Opinions

How Soon is too Soon?

William Hamilton ’22

Opinions Editor

As the spring rapidly approaches, and with it the imminent release of college admissions decisions, it is hard not to think back to where I was at this time last year. With the ardor of months of application preparation and years of high school academic work nearly behind me, I could only wait in nervous anticipation to hear back from each of my chosen schools. It is undeniable that early preparation for the college process was essential to my success in college admission. Nonetheless, is it possible that premature college focus can be degrading to a fulfilling high school experience?

From my personal experience, the first time I turned my eyes up to look at the far-off prospect of college was in the winter of my eighth grade year. The lofty goal of attending a top college—a concept of which I really had no grasp of at that time in my life—was one of the driving factors that motivated me to apply to private high schools, and ultimately earn a scholarship to attend one.

As soon as I started high school, it seemed that talk of college was already invading my world. While I navigated the uncomfortable waters of making a completely new set of friends at a new school, administrators loaded my schedule with seven honors classes. Advisors assured me that it was essential to take such a weighty docket of courses so that I would be eligible for Advanced Placement courses the next year. And that’s about the time when the AP frenzy started.

When course selection began for my sophomore year, rumors rapidly spread (mostly from kids with older siblings) that if you didn’t take AP courses, you’d never get into college. So, still years away from college applications, and possessing an incomplete understanding of how APs actually played into the college process, most of us students started a trend that would eventually lead to long sleepless nights, and week after week of stress.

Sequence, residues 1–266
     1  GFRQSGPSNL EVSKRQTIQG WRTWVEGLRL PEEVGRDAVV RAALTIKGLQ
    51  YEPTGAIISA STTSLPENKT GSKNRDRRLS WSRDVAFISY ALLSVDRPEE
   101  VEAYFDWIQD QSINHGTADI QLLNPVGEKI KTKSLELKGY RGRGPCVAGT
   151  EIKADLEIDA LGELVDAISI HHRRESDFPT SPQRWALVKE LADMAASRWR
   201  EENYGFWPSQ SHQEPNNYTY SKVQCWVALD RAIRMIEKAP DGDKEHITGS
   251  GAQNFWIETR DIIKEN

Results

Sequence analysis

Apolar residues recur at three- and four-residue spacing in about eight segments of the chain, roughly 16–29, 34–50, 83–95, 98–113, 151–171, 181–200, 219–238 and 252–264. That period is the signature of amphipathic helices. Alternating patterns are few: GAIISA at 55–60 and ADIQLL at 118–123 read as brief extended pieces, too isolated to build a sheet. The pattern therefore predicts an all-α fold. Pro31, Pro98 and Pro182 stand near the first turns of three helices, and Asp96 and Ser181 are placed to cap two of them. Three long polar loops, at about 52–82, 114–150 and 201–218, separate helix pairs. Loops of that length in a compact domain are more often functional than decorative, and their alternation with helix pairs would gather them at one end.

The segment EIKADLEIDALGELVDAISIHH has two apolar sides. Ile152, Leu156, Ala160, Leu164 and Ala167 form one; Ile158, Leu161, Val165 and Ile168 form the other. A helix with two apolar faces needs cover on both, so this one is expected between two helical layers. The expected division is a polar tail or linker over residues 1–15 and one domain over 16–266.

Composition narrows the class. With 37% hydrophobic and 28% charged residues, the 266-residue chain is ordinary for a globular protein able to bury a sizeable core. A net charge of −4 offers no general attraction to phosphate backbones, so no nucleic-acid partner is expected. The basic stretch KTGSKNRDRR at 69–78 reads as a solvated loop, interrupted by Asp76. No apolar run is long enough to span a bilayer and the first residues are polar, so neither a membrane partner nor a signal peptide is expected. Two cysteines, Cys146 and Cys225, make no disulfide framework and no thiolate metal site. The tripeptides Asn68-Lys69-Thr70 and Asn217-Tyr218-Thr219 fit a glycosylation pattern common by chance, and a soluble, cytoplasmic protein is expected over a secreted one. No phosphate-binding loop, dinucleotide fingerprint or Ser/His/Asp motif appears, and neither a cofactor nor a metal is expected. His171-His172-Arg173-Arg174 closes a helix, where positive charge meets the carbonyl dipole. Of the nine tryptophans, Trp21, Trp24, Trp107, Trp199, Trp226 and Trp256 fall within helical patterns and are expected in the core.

By the time junior year arrived, I was no longer focused on high school. Instead the mentality that I possessed was that each and every action I made would have some effect—positive or negative—on my college prospects. In reflection on that year, as I fought to maintain good grades, tour colleges, and study for and take standardized tests, many of the high school memories that should have been light hearted were tinged by the stress of college-oriented academics and preparations.

When I reached senior year, I was shocked at how fast high school had slipped away. But really, I should not have been surprised in the slightest. I had enjoyed my time in high school, however, there were very few times that I could say I was fully present within a high school mentality. Those four years of my life had been spent looking ahead, instead of living in the present, and I feel that this same experience is being shared by more and more students—especially those that attend private or college preparatory high schools.

The commitment to academic success and dedication to college applications encouraged and supported by my high school education allowed me to become the Holy Cross student that I am today. In the same vein, I am not advocating for elimination of college oriented preparation throughout high school, because that would be even more damaging than the present high school culture of preparation. Nonetheless, a balance must be found between early college preparation and a distinctly high school focused education.

Although some portion of the later years of high school should be devoted to the college application process, students should be allowed to focus on the fulfillment of high school academics and other commitments without the looming pressure of college admissions. Students should choose courses that interest them and that will provide a reasonable challenge instead of feeling pressured to take unrealistic course loads for fear of “not getting into college.”

High schools exist to educate students, and to lay the foundation for the more advanced knowledge they may one day receive during college. If the current state of affairs continues, these institutions of learning will undoubtedly lose sight of the noble mission under which they are established.

Secondary education must remain distinct from higher education, so that there doesn’t come a day when the sole function of high school is to groom a student’s college application, building them into the most appealing applicant possible. If four years of high school are spent doggedly tailoring one’s profile to fit the benchmarks of a dream college, then those will be four years devoid of meaningful academics, friendships, and enjoyment that can never be experienced again.

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